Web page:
Sunday, June 13, 2010

Big oil, big profits and the future of energy production

Deborah Gordon and Daniel Sperling of The Washington Post provide a thought-provoking look at what the big oil companies see in terms of the future of energy production. In short, same-'ol same 'ol. Energy demand is increasing at an astonishing rate. Renewable energy supplies are not. Market answer: more oil. And, if this problem is left to market forces, its more oil for a very long time.

Obviously, this is a real problem for society. As Gordon and Sperling put it "...oil companies are, quite rationally, investing the equivalent of pennies in biofuels and other alternative energies, compared with dollars in unconventional oil prospects. But while they are behaving logically in economic terms, they aren't serving the public interest."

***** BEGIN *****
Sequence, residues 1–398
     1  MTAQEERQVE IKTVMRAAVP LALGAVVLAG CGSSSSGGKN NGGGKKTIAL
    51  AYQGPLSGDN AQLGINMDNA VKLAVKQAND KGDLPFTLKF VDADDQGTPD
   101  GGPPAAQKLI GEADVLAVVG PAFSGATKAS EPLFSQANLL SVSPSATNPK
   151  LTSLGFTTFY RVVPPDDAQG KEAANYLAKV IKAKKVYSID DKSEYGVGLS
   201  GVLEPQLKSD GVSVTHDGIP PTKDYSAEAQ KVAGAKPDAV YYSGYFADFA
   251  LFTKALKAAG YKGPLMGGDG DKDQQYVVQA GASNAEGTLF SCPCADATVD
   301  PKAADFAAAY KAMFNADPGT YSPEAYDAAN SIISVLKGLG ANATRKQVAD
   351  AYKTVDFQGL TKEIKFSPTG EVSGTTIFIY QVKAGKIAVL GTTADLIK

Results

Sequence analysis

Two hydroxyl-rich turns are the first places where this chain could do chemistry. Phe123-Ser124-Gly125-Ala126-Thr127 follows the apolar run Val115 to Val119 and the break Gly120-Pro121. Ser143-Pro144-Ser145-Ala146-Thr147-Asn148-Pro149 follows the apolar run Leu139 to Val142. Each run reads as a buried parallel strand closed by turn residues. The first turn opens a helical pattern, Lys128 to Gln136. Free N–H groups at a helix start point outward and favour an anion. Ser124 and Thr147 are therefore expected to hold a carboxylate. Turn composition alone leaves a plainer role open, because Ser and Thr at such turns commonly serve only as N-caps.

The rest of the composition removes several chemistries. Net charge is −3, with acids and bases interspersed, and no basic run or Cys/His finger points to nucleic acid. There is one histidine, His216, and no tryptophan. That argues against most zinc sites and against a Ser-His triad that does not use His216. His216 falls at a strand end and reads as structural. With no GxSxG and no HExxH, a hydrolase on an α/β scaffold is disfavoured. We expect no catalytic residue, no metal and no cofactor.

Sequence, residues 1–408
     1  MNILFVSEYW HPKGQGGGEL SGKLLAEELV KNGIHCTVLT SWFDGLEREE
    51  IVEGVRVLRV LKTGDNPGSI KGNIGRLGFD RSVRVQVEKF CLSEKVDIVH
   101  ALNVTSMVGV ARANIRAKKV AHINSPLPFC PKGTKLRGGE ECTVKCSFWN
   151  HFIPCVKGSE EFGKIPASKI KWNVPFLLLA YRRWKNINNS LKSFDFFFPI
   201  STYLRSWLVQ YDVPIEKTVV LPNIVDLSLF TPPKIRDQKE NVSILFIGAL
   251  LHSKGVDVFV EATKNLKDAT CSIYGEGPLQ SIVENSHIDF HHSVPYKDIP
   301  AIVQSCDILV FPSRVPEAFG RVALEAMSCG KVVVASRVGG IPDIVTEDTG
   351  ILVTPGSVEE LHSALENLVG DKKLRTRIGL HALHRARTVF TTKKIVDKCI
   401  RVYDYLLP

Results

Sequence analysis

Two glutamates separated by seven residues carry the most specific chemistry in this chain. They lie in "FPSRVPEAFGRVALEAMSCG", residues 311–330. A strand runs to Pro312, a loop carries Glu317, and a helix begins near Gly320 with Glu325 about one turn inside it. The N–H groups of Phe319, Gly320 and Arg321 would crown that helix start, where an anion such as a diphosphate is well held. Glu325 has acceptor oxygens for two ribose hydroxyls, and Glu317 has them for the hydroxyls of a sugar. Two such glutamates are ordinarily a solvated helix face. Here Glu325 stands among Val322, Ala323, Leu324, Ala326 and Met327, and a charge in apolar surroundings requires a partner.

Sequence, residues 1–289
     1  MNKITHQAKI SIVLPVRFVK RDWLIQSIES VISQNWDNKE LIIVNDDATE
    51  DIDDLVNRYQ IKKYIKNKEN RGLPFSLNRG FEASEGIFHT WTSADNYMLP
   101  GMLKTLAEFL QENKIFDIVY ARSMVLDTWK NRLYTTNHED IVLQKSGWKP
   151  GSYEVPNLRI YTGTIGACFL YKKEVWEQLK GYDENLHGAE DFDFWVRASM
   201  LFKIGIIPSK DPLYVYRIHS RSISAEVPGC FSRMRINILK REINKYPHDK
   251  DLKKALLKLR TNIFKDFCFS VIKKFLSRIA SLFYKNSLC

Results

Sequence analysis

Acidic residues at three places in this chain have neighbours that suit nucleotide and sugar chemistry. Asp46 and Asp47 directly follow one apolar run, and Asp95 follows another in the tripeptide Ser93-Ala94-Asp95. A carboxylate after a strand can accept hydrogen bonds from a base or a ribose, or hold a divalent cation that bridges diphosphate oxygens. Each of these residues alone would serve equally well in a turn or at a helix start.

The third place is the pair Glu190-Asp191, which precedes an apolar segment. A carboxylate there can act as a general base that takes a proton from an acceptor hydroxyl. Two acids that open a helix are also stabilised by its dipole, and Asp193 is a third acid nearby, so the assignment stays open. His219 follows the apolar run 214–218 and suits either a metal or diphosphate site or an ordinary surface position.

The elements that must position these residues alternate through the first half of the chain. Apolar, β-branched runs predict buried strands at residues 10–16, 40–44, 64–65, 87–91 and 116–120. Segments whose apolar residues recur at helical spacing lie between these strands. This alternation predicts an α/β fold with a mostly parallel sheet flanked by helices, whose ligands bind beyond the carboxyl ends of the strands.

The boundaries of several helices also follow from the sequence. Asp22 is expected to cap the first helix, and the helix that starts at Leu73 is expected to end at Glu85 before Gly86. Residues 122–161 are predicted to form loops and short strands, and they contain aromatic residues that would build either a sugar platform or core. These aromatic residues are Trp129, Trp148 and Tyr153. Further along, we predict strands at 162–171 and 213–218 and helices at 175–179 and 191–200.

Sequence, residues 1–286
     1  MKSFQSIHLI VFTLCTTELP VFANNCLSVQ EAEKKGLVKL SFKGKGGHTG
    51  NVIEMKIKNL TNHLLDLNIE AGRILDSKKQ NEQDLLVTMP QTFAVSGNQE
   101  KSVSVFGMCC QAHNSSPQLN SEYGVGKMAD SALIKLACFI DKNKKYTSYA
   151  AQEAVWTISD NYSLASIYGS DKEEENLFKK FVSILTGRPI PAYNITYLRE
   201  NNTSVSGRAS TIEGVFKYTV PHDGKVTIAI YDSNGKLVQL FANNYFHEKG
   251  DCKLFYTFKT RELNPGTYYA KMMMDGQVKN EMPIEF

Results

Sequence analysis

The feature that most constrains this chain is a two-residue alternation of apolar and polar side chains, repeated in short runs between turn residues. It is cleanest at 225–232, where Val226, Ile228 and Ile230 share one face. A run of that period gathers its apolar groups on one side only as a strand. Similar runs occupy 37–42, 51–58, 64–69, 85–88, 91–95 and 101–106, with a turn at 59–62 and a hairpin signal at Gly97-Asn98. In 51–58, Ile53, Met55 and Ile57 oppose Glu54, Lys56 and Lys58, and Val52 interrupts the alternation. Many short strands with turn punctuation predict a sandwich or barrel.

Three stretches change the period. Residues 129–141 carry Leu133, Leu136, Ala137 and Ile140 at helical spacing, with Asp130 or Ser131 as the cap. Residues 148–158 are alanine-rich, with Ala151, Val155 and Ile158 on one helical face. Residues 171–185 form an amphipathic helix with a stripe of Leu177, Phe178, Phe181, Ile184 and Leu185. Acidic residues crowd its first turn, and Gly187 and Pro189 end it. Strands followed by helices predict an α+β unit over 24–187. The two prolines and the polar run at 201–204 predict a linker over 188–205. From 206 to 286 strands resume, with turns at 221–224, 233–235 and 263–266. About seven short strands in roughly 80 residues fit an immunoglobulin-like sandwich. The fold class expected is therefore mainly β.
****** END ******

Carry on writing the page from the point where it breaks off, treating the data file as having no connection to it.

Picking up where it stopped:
Hmm... that sounds familiar.

3 comments:

Joel Garner said...

I agree here but it seems they are preserving the public's interest since our interets now is burning the oil they are providing. We are consuming at a much more astonishing rate than could be maintained by renewable alternatives. We just haven't found the answer to this question in a manner that proves to be efficient. It will come (hopefully) and with it a change for the better for our environment and individual's as a whole. But our need for oil will remain.

Samuel Wilson said...

The public interest, or private interests? I feel that the public interest would require more of a reflection of the social costs of oil burning, bumping up the marginal cost of oil. Our need for oil will remain as long as the cost at the pump or per kW hour on our electric bills fails to reflect those externalities...and were it to reflect the true social cost, I think firms would view renewable R&D investments in a much more favorable light and get the ball rolling with a bit more haste.

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